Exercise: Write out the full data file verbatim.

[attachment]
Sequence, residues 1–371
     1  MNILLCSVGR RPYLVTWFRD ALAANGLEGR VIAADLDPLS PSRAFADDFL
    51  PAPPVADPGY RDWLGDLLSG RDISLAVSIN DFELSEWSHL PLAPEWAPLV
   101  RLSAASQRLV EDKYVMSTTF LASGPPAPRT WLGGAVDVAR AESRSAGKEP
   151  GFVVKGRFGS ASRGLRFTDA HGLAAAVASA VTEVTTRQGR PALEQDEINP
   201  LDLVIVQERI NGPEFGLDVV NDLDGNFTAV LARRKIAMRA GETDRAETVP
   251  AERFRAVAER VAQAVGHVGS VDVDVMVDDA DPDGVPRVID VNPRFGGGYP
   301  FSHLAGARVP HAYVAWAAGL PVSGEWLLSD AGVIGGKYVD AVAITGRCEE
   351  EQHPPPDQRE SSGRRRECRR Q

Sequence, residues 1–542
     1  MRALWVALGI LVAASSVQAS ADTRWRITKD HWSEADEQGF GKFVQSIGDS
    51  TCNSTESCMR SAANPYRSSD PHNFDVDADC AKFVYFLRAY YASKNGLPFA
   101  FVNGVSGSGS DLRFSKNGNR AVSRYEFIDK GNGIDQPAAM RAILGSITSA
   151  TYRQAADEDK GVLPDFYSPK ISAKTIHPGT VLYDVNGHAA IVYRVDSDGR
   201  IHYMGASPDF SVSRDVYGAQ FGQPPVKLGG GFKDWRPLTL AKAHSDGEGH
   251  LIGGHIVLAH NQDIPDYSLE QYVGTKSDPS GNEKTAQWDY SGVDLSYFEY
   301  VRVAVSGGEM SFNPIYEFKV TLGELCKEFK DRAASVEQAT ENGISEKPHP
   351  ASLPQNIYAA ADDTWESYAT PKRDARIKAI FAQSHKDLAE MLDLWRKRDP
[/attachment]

Sequence, residues 1–371
     1  MNILLCSVGR RPYLVTWFRD ALAANGLEGR VIAADLDPLS PSRAFADDFL
    51  PAPPVADPGY RDWLGDLLSG RDISLAVSIN DFELSEWSHL PLAPEWAPLV
   101  RLSAASQRLV EDKYVMSTTF LASGPPAPRT WLGGAVDVAR AESRSAGKEP
   151  GFVVKGRFGS ASRGLRFTDA HGLAAAVASA VTEVTTRQGR PALEQDEINP
   201  LDLVIVQERI NGPEFGLDVV NDLDGNFTAV LARRKIAMRA GETDRAETVP
   251  AERFRAVAER VAQAVGHVGS VDVDVMVDDA DPDGVPRVID VNPRFGGGYP
   301  FSHLAGARVP HAYVAWAAGL PVSGEWLLSD AGVIGGKYVD AVAITGRCEE
   351  EQHPPPDQRE SSGRRRECRR Q

Sequence, residues 1–542
     1  MRALWVALGI LVAASSVQAS ADTRWRITKD HWSEADEQGF GKFVQSIGDS
    51  TCNSTESCMR SAANPYRSSD PHNFDVDADC AKFVYFLRAY YASKNGLPFA
   101  FVNGVSGSGS DLRFSKNGNR AVSRYEFIDK GNGIDQPAAM RAILGSITSA
   151  TYRQAADEDK GVLPDFYSPK ISAKTIHPGT VLYDVNGHAA IVYRVDSDGR
   201  IHYMGASPDF SVSRDVYGAQ FGQPPVKLGG GFKDWRPLTL AKAHSDGEGH
   251  LIGGHIVLAH NQDIPDYSLE QYVGTKSDPS GNEKTAQWDY SGVDLSYFEY
   301  VRVAVSGGEM SFNPIYEFKV TLGELCKEFK DRAASVEQAT ENGISEKPHP
   351  ASLPQNIYAA ADDTWESYAT PKRDARIKAI FAQSHKDLAE MLDLWRKRDP